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In a story about how Albertsons has reacquired 30 of the stores that it sold to Haggen back when it bought Safeway, a result of Haggen's inability to manage a rapid expansion that resulted in a near total competitive meltdown, the Seattle Times takes a look at how the Federal Trade Commission (FTC) may deal with future mergers, acquisitions and dispositions.

The Times writes that the Albertsons-Haggen situation, experts say, "underscores not only how the FTC made a disastrous bet, but also how it’s become more difficult to encourage diversity among traditional supermarkets. In recent years the industry has consolidated into gigantic chains as a response to competition from the likes of Costco Wholesale, Wal-Mart and even Amazon Prime.

"Diana Moss, president of the American Antitrust Institute, a Washington D.C.-based nonprofit, says that it was regulators’ leniency to mergers over the past two decades that led to this problem. 'The fewer competitors, the harder it is to find a viable buyer of the assets that can fully restore the competition lost by the merger,' Moss said."

And Daniel McInnis, a lawyer specializing in antitrust cases, tells the Times that "the well-publicized debacle will probably result in higher standards being imposed on future supermarket mergers ... It’s hard to predict what further requirements the agency might impose, but one possibility is having an independent trustee find a buyer for the stores that supermarket chains are required to divest when they merge, McInnis said. (Right now, the merging companies find a buyer and the FTC approves it.)"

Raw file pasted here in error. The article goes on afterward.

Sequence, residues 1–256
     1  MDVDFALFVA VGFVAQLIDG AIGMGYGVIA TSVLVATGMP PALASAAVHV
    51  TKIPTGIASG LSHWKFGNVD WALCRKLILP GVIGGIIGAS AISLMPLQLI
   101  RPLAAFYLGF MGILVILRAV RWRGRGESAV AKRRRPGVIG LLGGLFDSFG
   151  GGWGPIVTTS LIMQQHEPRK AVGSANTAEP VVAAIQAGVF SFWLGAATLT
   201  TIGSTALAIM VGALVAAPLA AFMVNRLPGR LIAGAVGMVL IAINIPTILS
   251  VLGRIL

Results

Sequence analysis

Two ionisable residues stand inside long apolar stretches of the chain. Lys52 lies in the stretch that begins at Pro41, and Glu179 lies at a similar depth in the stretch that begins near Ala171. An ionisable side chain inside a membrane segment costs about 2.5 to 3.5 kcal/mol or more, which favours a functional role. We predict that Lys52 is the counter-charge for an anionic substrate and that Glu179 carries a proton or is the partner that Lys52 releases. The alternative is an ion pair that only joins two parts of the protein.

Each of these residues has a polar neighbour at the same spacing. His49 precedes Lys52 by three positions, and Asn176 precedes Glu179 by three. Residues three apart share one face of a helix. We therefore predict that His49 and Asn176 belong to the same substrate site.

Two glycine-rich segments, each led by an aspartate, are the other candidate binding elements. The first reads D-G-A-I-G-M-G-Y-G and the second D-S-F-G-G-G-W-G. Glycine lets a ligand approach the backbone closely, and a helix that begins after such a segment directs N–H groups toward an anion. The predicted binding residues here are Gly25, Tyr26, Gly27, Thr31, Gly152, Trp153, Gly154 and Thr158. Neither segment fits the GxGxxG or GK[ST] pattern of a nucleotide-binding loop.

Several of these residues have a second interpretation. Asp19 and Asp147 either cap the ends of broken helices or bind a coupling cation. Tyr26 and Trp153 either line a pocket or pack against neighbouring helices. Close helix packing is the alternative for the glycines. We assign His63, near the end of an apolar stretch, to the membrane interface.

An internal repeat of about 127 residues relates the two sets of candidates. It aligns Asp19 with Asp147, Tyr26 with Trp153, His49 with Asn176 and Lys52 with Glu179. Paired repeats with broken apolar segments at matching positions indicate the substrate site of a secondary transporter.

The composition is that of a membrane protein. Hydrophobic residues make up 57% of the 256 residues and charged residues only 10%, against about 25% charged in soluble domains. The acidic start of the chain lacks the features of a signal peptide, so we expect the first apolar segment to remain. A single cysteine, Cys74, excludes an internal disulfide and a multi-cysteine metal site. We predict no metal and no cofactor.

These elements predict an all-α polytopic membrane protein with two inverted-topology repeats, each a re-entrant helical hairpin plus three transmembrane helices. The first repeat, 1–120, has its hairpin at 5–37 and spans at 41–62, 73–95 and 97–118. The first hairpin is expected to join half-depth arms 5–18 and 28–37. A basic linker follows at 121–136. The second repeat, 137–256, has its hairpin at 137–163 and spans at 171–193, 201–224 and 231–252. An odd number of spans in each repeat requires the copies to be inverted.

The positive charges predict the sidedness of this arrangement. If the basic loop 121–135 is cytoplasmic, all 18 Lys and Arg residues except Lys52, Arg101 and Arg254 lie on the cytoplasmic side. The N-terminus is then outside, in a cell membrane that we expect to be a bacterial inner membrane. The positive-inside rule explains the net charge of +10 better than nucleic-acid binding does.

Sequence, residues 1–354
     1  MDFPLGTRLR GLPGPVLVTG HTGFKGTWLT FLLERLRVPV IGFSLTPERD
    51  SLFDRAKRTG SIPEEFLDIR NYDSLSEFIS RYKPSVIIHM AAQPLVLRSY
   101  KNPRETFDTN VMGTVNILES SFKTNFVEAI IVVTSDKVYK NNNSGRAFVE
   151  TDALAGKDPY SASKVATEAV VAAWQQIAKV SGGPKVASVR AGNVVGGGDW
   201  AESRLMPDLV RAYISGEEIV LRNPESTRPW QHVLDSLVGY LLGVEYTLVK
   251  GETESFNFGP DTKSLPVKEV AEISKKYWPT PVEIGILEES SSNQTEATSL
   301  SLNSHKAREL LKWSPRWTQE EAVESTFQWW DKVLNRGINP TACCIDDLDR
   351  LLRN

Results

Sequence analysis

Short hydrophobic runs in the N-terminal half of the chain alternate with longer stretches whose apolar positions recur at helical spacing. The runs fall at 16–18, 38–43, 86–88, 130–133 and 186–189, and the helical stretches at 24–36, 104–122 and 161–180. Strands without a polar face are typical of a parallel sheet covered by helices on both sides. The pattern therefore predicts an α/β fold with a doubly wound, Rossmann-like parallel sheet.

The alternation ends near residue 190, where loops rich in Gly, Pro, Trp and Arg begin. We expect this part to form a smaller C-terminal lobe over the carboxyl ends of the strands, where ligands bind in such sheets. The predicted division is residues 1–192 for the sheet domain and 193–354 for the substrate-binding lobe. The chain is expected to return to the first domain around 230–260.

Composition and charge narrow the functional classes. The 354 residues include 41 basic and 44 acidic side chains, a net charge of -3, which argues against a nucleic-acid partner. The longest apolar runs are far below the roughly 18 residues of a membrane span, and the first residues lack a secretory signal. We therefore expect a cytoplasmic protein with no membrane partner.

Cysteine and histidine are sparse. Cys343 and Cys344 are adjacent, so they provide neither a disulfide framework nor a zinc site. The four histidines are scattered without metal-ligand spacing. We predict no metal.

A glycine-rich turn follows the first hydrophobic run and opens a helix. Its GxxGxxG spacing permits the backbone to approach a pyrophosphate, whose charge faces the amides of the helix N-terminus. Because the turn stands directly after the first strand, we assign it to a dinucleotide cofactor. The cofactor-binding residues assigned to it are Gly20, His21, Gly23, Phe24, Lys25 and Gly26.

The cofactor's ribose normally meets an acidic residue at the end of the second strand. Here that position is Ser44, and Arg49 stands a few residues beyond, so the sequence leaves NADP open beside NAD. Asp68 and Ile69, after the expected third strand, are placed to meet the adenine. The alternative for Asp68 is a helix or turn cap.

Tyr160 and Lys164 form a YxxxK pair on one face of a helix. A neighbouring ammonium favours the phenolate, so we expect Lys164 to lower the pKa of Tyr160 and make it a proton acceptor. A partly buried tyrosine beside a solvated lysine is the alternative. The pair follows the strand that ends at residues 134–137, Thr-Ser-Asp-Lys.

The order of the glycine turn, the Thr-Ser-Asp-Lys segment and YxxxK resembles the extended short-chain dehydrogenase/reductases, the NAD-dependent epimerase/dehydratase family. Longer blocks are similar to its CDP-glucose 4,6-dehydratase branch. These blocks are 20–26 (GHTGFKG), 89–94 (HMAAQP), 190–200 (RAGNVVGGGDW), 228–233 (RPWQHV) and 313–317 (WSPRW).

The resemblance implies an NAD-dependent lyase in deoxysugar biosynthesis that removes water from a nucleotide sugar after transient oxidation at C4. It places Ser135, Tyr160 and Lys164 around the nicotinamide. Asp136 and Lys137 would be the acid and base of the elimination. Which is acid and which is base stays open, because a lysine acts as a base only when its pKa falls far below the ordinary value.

KC's View:
I guess the workability of this last concept very much depends on who that independent trustee is; it wouldn't be surprising to see the FTC choose one who does not really reflect modern competitive realities, which won;t help anybody.

I do think that regulators have a role in making sure that consumers are protected when mergers and acquisitions occur, but I also think that people a lot smarter than I am have to assess competitive realities within the context of a robust e-commerce climate that redefines markets. I'm not saying that the regulators have to go all laissez-faire on us, but I do think they at least have to understand the world as it exists.